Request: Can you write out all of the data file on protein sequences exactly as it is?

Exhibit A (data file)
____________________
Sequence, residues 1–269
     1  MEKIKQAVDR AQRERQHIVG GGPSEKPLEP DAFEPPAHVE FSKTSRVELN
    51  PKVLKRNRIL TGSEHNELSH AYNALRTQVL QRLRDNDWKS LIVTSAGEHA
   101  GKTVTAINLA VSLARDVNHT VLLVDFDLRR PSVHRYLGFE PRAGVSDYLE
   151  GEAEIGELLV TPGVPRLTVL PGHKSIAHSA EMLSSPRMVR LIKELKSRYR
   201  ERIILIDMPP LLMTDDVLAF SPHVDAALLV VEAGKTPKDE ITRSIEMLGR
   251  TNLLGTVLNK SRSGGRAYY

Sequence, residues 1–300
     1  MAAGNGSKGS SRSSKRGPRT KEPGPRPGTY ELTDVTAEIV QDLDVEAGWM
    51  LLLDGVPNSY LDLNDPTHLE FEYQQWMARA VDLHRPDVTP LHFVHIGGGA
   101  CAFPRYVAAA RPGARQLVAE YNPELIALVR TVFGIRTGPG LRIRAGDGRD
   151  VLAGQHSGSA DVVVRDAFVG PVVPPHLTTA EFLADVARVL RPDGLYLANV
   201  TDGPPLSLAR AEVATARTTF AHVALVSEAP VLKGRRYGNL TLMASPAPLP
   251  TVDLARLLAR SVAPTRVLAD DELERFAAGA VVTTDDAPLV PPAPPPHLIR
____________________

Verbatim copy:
Sequence, residues 1–269
     1  MEKIKQAVDR AQRERQHIVG GGPSEKPLEP DAFEPPAHVE FSKTSRVELN
    51  PKVLKRNRIL TGSEHNELSH AYNALRTQVL QRLRDNDWKS LIVTSAGEHA
   101  GKTVTAINLA VSLARDVNHT VLLVDFDLRR PSVHRYLGFE PRAGVSDYLE
   151  GEAEIGELLV TPGVPRLTVL PGHKSIAHSA EMLSSPRMVR LIKELKSRYR
   201  ERIILIDMPP LLMTDDVLAF SPHVDAALLV VEAGKTPKDE ITRSIEMLGR
   251  TNLLGTVLNK SRSGGRAYY

Sequence, residues 1–300
     1  MAAGNGSKGS SRSSKRGPRT KEPGPRPGTY ELTDVTAEIV QDLDVEAGWM
    51  LLLDGVPNSY LDLNDPTHLE FEYQQWMARA VDLHRPDVTP LHFVHIGGGA
   101  CAFPRYVAAA RPGARQLVAE YNPELIALVR TVFGIRTGPG LRIRAGDGRD
   151  VLAGQHSGSA DVVVRDAFVG PVVPPHLTTA EFLADVARVL RPDGLYLANV
   201  TDGPPLSLAR AEVATARTTF AHVALVSEAP VLKGRRYGNL TLMASPAPLP
   251  TVDLARLLAR SVAPTRVLAD DELERFAAGA VVTTDDAPLV PPAPPPHLIR